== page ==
Macrez showed that this chance was short-lived, as the ECJ struck down the French law on out-of-print books and put forward the rights of the creators as requiring prior consent and no formalities [see the IPKat here and here]. While a French-style solution may be revived within the proposed Directive on Copyright in the Digital Single Market, it remains to be seen whether the ECJ decision will have an impact on other national solutions of the orphan works problem.

Kris Erickson engaging a lively discussion
If solutions do not stem from legislative efforts, where should they come from?  One idea was relying on the public interest, putting forward the importance of archives – and more importantly their non-profit nature. As was shown by both Dr Claudy op Den Kamp and Leontien Bout for the EU and David Hansen in the US, archives simply rarely get sued or pressured by rights holders. Many archives end up uploading works after sometimes limited diligent search, and, in the EU, sometimes just enough to follow the bare minimum standards of sources laid out in the Directive. The US context is particularly well-suited for such an approach, as shown by Meredith Jacob who discussed how the fair use doctrine is fertile ground for archives interested in using works, bypassing the copyright headache altogether thanks to their non-commercial mission.

As explained by Kris Erickson, these institutions’ relative safety is precarious: re-emerging rights holders remain a major worry, blocking a large portion of 20th century works from being released to the public. Various initiatives have shown some progress in changing the way cultural institutions approach the problem, as shown by Victoria Stobo in relation to the Digitizing the Edwin Morgan Scrapbooks project, but legal certainty is the only way to completely alleviate worries.

Finally, an argument proposed over the course of the Symposium was that, if the problem of diligent search could not be avoided, making it as easy as possible was the way forward, through reducing the time and cost involved in the process. One aspect of that was highlighted by Annabelle Shaw was - empowering those working for the various cultural institutions through training and increased expertise, and inspiration from risk assessment frameworks and other proven tools to guide the process of diligent search."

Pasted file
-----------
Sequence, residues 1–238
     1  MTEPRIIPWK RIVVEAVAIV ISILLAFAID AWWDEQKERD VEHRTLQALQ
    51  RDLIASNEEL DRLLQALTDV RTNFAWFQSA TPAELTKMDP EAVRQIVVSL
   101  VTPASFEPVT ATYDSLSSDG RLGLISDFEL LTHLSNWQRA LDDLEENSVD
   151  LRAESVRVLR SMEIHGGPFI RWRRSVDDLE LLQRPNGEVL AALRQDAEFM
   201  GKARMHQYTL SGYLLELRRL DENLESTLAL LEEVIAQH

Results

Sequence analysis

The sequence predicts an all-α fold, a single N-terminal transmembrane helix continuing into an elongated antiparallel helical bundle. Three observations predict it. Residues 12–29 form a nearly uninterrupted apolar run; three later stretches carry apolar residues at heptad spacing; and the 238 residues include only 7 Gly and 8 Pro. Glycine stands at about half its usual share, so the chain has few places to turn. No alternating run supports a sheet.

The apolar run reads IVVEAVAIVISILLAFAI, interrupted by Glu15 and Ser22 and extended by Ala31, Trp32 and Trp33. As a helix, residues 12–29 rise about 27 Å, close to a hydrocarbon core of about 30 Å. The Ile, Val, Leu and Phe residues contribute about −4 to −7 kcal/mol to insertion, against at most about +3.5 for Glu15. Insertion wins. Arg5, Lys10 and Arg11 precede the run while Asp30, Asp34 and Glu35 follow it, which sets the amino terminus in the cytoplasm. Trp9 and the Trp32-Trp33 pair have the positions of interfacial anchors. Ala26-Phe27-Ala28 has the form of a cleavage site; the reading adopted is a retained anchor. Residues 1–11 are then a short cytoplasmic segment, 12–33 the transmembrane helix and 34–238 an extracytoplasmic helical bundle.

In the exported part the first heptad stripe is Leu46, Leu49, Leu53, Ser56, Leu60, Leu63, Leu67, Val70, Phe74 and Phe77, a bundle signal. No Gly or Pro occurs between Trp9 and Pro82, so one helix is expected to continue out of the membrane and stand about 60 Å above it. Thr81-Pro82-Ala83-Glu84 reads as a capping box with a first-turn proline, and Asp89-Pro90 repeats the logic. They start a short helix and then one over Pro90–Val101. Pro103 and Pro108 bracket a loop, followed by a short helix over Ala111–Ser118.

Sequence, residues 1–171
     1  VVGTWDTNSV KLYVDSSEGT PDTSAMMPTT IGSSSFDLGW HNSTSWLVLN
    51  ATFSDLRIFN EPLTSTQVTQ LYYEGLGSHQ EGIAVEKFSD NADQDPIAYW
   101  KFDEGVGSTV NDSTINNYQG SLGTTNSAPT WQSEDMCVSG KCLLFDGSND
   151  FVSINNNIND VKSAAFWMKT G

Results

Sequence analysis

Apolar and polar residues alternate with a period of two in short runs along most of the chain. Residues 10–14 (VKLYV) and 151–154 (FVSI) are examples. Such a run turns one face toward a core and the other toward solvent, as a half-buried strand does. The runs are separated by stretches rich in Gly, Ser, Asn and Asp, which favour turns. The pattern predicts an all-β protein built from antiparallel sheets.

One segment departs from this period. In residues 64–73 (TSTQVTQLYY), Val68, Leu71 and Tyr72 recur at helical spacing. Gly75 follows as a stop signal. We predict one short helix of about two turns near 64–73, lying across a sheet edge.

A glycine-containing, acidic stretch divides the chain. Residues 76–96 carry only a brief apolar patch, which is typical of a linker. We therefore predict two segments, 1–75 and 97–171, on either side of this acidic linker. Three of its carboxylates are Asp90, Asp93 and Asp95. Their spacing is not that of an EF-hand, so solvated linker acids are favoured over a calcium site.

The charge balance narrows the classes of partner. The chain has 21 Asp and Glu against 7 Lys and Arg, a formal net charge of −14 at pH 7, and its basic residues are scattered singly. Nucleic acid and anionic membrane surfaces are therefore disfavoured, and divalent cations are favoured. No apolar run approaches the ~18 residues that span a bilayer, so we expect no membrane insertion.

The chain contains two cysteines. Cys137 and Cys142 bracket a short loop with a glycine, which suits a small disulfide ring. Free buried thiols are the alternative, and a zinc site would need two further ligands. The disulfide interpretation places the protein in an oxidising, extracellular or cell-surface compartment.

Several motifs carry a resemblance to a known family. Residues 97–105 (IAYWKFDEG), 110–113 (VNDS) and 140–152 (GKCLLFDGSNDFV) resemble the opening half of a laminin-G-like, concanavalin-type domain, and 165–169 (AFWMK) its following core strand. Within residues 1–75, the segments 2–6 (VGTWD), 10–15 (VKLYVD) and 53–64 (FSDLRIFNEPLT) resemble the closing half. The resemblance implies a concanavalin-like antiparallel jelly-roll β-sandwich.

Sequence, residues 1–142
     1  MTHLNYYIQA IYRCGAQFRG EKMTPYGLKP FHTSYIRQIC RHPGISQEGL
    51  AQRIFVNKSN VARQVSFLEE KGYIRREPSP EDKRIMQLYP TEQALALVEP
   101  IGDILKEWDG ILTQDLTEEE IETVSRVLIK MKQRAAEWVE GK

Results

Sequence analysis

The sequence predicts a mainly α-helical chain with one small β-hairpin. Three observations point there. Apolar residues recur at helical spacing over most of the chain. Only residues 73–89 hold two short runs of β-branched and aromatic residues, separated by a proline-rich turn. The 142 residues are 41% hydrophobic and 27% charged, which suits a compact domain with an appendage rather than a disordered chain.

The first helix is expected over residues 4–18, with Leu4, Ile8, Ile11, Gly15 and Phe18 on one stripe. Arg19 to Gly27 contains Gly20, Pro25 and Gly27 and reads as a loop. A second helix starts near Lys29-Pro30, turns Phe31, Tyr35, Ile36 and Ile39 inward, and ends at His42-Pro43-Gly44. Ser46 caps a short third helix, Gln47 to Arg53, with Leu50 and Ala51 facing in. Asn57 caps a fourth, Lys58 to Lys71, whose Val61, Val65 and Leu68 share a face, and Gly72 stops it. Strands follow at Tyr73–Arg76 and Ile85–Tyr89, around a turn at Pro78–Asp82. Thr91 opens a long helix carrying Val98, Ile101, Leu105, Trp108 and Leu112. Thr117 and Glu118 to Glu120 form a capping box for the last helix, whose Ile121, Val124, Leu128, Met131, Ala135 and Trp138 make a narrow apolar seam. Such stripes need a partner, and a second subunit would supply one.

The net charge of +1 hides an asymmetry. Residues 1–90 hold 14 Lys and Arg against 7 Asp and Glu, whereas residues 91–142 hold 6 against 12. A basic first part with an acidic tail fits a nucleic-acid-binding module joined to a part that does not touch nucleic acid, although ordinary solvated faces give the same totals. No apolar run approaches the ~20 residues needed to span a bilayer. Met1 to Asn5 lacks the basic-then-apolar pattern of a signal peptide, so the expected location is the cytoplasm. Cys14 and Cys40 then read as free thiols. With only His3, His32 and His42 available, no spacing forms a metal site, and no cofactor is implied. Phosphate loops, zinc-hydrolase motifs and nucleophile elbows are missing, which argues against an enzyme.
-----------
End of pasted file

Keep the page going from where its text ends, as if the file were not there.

See #endow on twitter for more photos and comments about the event and project. 
Keep up to date on the the EnDOW project here and other events going on at CIPPM here.

Photo credit: Maurizio Borghi
Event Report: Can Crowdsourcing Solve the Orphan Works Problem? Event Report: Can Crowdsourcing Solve the Orphan Works Problem? Reviewed by Hayleigh Bosher on Friday, July 14, 2017 Rating: 5


  1. Thank you Hayleigh. I appreciate that academics are probably second only to advertisers when it comes to their love of jargon and arcane phraseology but I find these references to crowd sourcing and blockchain utterly opaque when no further explanation is provided. I know what they mean in general usage, but what did the speakers mean when using them? This is not a criticism of the write-up, because I have no doubt such trendy catchphrases were left un-explained during the seminar, just as the Endow project website provides no details of how crowd sourcing is expected to help.
    I commented on a previous thread about initiatives to combat pirating that I couldn't see how blockchain technology could work with that issue as blockchain is principally a method of establishing provenance, something pirates are not seeking to falsify. I find it equally unconvincing, without further clarifcation, as a solution to assist carrying out diligent searches.
    While academics can of course continue to talk among themselves using shorthand phrases or catchy word signals, we mere mortals would benefit from some explanation of what they actually mean by these proposals.

  2. Andy, I am sorry about your discomfort for academic jargon, which I totally understand (the discomfort, not the jargon..) On the EnDOW website there are indeed some resources which hopefully shed some light on the arcane world of "crowd-sourcing". May I suggest you to consider the following, depending on the time you want to spend on it:

    - Long explanation: http://diligentsearch.eu/wp-content/uploads/2017/01/With-Enough-Eyeballs-All-Searches-Are-Diligent-Mobilizing-the-Cr.pdf

    - Short explanation: http://www.create.ac.uk/blog/2016/01/08/how-crowdsourcing-might-solve-the-astronomical-challenge-of-copyright-clearance/

    - Very short explanation: http://diligentsearch.eu/crowdsourcing/

  3. According to my personal opinion it is not possible to overcome the orphan work problems like that. There are student who usually take Dissertation Help and at many platforms they are ignored of being provided help in their education due to which they go for such services.